You come from love. No matter what people may say about the way your dad died or the fact that I've remained single this long. You need to know that this twentieth anniversary date makes me smile with memories of your dad dancing in his tuxedo, friends who wished us well, and a late night jaunt to the airport for us to head off to our honeymoon.

No, we never made it to that vow renewal on Grand Cayman at sunset. But that love that we shared? That remains. I see it in your smiles and hear it in your laughter. I see him in your eyes.

I hope that each of you finds someone who is goofy and wild and kind and over-the-top romantic. He would literally shout, "I love this woman" when we'd be out and scoop me up as if wanting to show me to the whole world. I want that kind of love for the both of you.

That is why I still honor that wedding day even though I am now a widow--because it's always a good thing to remember the love, to honor it, and to shout to the whole world, "I know what love is!"

Keep your hearts open to love. It's real. It's worth it.


Amber Lea Easton is a multi-published author of romantic thrillers, contemporary romance, women's fiction, and nonfiction. She also writes five different blogs, volunteers for children's literacy, and advocates for suicide awareness. In addition, she is a professional editor and mother of two extraordinary human beings. She currently lives in a small cabin high in the Rocky Mountains where she is completely aware of how lucky she is. To find out more about her books, please visit http://www.amberleaeaston.com


Tuesday, January 19, 2016

Stop Spinning Your Wheels and Get Unstuck! Life is too short to be stranded in neutral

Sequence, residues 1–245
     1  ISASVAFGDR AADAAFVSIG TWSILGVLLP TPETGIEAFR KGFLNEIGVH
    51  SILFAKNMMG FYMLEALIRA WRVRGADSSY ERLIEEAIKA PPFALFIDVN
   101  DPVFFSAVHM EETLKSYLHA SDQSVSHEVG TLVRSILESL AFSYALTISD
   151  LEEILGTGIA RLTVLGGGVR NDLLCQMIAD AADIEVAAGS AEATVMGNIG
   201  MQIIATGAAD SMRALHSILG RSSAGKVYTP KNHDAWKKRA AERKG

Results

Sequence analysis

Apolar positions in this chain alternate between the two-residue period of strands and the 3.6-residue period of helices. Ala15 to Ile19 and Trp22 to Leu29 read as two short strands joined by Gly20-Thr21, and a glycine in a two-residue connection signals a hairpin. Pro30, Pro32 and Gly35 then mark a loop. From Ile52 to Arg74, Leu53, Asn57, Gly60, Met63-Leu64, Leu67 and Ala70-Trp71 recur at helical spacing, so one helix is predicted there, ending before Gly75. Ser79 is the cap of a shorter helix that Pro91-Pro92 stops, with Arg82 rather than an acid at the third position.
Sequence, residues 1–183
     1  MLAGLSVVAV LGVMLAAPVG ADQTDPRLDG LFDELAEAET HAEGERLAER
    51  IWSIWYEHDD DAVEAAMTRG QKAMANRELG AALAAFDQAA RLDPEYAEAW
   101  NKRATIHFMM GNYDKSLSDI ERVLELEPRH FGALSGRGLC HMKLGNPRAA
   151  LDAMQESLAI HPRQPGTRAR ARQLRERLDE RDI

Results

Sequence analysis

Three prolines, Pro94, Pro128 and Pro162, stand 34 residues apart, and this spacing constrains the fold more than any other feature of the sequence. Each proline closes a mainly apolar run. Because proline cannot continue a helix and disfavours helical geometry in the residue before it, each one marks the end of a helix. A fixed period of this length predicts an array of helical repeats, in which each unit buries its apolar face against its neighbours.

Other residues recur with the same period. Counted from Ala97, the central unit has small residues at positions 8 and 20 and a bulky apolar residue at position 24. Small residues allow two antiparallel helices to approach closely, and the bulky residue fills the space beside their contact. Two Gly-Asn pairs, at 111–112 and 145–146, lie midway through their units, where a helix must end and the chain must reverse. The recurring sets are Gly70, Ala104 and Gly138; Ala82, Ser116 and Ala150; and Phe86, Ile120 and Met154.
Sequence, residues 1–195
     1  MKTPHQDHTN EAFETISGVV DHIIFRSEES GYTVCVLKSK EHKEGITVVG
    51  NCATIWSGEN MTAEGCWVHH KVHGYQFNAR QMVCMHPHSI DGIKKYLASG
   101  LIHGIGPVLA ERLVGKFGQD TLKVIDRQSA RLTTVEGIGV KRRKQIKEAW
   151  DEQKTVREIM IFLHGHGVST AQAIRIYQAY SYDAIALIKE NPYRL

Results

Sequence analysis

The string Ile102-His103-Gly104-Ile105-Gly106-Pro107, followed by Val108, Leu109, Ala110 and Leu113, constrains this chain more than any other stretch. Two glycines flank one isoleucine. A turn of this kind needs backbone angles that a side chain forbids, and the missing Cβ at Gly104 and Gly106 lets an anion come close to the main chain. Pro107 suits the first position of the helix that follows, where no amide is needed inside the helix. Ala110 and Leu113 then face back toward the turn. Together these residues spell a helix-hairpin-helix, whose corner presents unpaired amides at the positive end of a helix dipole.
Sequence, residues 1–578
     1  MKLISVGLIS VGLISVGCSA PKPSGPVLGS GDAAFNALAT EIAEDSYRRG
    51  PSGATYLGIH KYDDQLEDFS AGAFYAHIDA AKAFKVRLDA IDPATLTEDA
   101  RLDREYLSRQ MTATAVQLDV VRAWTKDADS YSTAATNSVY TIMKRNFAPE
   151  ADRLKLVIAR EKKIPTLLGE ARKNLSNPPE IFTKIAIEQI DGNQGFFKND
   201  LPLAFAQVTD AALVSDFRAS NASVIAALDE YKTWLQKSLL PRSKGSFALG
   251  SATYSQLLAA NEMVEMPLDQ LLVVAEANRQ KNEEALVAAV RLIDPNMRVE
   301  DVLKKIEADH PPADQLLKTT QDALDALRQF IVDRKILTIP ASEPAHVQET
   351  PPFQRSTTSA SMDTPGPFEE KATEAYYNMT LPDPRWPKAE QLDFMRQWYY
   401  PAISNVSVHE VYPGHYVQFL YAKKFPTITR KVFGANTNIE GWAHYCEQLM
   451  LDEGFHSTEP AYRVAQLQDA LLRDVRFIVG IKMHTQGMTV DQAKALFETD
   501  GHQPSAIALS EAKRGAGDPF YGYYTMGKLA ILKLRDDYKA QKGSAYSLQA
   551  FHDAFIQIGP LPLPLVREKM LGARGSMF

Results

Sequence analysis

After my husband died, I became consumed with "keeping things together." Whether it was the kids' routine or the house, I became focused solely on surviving, putting one foot in front of the other and carrying on. We'd already suffered a major loss in our lives and every therapist agreed--routine was good.

But after a few years, routine started to feel like stagnation. Once the grief had worn off, the kids seemed "okay", and my career started to move...slowly...ahead, I realized I had developed habits that no longer served my present or my future. I realized I was stuck. But figuring that out and figuring out how to change are two different things.

A wonderful emotion to get things moving when one is stuck is anger. It was anger more than anything else that had set me off, roused me into productivity and creativity.
Mary Garden

Until you recognize what is holding you back, you'll continue spinning your wheels and digging yourself even further into the muck. We've all been there--the dreaded rut. Identifying being stuck is the first step to figuring out how to free yourself, but this is going to involve some effort on your part.


What are some of your bad habits that have kept you locked in neutral? See if you can identify to any of the following:
  • Being perpetually late
  • Talking instead of listening
  • Working long hours without a break or exercise
  • Forgetting someone's name sixty seconds after meeting them
  • Eating fast food regularly (as in your standard M-F meal program)
  • Socializing too much on your phone